My Business Plan Competition Adventure (Part II)

Read Part 1 of David's story here.

New Venture Challenge: the beginning

All 29 teams chosen to move onto Phase II were required to take the New Venture Challenge (NVC) class. As a law student, I expected this class to be much like John Rodkin's class (at the law school): case studies and 101 on "how to create a pitch deck." But the NVC "class" was far from what I was accustomed to. From day one teams presented before a panel of venture capitalists ("VCs") and entrepreneurs, who were all eager to hear what we (each team) had to present and willing to give us constructive feedback on how to improve our business concepts. And from day one the judges' scoring was taken into account for determining which teams move onto the NVC finals. (YIKES!)

My team, Masala Wala, pitched an Indian quick-service restaurant business. Our idea was a bit odd because the typical VC-backed business is very techy. The only techy thing about Masala Wala (to this day) is our cash register, the ability to place orders over the Internet, and our use of twitter/facebook/blog for marketing.

A long while back in the Fall semester, before the NVC had even started, I had searched out and spoken with a bunch of Chemistry PhDs and engineers to see if we could develop a novel, technology-based "cure" (VC idea) for an evident "pain" (VC problem). Though I came across some REALLY cool technology and ideas, none of them really jived and made my blood rush. But Masala Wala was different - from the moment I heard the business idea, my heart pounded. Having grown up in the restaurant industry (my parents have been in the restaurant business for a very, very long time), I've always sort of secretly harbored dreams of developing the next food empire (like McDonalds). Masala Wala was basically doing for Indian food what Chipotle had done for Mexican food and Panda Express for Chinese food. Given the success of Slumdog Millionaire and the increasing American appreciation for Indian culture and food, it made sense to me logically as well. So I joined teammates Julian, Rohini, Ravi, and Aditya in founding and establishing Masala Wala - Fresh Indian Food!

NVC: the middle

Our first presentation was fairly good - but not entirely impressive. We had 20+ slides and no food to present to our judges. A big part of our shortcoming was lack of time for preparation. Ironically, in the beginning the law students had a much better idea of how to make a successful business presentation than the business school students. This was because all law students participating in the NVC (there were three of us in total) had already passed through John Rodkin's class, and therefore had experience pitching at least one business.

One judge, from Silicon Valley, actually said, "At [UC] Berkeley, we don't allow food concepts into venture capital competitions... Indian food is practically everywhere... I really don't see a new value proposition here." To be honest, we were pissed off by that comment - while giving us the same substantive feedback, he could have been far more kind and constructive. But my teammates and I didn't let our reactions show. We knew that if we were going to win any VCs and skeptics over to our side, we had to take all criticism (even the really ugly kind) with grace.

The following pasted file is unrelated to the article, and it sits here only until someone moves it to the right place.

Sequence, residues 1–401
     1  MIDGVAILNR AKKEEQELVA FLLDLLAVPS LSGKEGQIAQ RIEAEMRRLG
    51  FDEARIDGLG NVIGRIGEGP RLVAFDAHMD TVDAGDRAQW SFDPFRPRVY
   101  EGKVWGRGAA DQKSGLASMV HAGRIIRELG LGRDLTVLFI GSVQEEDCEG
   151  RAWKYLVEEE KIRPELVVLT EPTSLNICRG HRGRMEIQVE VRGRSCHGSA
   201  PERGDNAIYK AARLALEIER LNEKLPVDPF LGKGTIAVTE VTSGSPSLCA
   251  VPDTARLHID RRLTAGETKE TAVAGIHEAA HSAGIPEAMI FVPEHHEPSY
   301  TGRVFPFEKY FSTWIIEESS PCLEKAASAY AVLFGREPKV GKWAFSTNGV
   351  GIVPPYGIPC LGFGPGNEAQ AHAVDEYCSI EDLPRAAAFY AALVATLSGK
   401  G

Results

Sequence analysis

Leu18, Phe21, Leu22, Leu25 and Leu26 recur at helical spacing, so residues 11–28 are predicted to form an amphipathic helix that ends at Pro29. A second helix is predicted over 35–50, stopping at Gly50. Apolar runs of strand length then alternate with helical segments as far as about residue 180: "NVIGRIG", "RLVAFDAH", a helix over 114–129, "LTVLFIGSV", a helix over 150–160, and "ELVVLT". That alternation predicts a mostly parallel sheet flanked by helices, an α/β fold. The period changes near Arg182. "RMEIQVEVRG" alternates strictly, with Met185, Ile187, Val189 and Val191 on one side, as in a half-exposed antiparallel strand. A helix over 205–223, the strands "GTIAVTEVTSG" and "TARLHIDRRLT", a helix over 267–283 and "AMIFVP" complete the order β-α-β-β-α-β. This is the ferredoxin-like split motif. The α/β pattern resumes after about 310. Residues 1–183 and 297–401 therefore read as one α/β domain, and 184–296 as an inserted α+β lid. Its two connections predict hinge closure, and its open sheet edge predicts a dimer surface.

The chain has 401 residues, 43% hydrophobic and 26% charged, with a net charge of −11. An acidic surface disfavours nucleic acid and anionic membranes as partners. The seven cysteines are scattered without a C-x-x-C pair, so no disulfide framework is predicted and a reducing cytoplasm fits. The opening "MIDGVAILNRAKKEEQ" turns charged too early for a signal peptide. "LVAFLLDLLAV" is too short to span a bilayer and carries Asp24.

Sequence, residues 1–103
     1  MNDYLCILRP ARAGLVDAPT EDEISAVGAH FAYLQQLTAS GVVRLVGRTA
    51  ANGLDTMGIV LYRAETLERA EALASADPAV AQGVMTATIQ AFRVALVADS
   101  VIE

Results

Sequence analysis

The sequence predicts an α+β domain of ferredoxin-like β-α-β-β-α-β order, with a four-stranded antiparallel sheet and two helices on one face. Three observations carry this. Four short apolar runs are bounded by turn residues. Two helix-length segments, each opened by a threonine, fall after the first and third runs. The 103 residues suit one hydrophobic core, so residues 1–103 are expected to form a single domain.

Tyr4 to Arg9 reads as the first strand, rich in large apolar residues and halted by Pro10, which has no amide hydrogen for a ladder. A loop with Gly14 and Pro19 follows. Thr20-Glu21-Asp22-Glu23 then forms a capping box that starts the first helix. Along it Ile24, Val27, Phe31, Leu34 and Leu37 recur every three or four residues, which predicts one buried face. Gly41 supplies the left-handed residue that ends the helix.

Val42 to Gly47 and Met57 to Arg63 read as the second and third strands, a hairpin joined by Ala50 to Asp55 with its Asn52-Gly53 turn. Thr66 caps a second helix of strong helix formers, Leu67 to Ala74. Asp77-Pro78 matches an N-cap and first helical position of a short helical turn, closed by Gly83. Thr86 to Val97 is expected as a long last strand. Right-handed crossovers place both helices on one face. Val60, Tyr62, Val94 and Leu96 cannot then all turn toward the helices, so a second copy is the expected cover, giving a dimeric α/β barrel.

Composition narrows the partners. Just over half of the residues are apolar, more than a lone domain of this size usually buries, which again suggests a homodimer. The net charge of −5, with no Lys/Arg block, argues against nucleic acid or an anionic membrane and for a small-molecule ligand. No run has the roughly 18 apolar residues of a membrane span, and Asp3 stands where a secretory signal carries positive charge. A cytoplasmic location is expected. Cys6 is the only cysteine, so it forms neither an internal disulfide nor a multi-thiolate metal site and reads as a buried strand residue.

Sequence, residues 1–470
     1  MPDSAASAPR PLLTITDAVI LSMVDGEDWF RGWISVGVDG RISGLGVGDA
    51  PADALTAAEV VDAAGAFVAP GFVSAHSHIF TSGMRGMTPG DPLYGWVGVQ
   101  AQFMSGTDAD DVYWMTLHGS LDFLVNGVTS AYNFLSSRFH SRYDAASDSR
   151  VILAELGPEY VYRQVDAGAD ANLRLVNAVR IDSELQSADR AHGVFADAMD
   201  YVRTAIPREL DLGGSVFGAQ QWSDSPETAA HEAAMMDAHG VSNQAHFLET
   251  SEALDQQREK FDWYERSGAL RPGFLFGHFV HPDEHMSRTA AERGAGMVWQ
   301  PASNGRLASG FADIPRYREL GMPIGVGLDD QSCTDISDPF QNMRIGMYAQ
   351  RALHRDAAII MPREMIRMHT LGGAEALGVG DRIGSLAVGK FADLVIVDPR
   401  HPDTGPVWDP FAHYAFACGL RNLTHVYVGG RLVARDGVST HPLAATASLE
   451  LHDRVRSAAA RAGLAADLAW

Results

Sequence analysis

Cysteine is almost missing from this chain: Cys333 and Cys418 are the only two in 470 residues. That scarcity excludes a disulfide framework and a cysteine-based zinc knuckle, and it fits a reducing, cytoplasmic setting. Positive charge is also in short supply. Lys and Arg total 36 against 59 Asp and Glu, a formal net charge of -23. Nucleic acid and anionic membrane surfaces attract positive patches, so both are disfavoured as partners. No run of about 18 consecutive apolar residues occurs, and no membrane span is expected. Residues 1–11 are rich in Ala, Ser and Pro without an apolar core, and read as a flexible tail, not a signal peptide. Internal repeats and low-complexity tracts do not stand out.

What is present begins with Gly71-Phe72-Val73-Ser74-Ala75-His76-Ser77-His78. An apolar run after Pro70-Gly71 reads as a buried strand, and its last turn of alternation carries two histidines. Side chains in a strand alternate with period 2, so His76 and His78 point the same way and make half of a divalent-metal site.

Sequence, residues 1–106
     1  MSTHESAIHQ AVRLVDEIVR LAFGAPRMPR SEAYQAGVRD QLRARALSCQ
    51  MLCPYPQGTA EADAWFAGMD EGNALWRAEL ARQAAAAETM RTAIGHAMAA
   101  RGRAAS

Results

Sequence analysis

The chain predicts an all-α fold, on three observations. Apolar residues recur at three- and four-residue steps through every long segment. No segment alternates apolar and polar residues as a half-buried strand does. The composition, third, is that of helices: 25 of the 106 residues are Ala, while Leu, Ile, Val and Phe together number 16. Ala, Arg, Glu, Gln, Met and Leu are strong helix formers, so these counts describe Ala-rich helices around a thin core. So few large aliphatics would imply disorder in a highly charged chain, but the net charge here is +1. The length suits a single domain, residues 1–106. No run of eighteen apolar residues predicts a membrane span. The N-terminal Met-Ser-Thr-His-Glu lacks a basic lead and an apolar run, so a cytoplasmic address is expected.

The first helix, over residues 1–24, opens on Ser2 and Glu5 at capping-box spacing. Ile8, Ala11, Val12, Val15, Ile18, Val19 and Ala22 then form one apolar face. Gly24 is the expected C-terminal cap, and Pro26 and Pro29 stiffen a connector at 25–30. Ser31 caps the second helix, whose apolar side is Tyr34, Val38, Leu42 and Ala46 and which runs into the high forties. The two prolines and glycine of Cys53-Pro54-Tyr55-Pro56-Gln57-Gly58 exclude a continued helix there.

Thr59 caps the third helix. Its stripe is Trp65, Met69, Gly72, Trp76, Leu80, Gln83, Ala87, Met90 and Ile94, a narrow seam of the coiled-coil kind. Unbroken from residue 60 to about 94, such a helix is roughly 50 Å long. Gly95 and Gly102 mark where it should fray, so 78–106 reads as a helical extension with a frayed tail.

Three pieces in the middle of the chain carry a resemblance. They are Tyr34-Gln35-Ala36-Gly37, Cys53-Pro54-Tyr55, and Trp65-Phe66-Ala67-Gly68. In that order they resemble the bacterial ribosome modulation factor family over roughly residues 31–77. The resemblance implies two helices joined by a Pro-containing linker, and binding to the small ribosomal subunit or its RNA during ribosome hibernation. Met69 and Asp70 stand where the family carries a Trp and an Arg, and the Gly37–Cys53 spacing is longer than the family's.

After the presentation I went up and spoke with the "Berkeley judge," thanked him for his "helpful" feedback, and I asked him about his background. I listened politely until I heard him mention a top Silicon Valley law firm. I told him that I'm a law student and that I have an offer to work for that law firm. He seemed surprised and impressed. I then asked him if he was working with any interesting investment opportunities right now, and we ended up talking for 30 minutes. At the end of the conversation, he gave me his business card and invited me to lunch. =)

My teammates had pegged me as the "networking guy" and put me in charge of marketing. In my mind, our goal during each presentation was to make Masala Wala fanatics out of the judges - the key was to create a buzz. Thus, after each presentation, I made it my priority to go talk to two types of judges: (1) the ones that seemed to LOVE us; and (2) the ones that seemed to HATE us. I didn't care so much about the lukewarm ones because they don't love us enough to invest  much, nor hate us enough to discourage the other judges from investing. The ones that LOVE us had usually loved us from the get-go, so they are easy to work with and make fans out of. But the ones that HATE us, I knew hated the idea, NOT the people. So for the HATERS my motive was to help them see that at the very least, even if this business concept is still less than perfect, the management team is "perfect" and investment-worthy.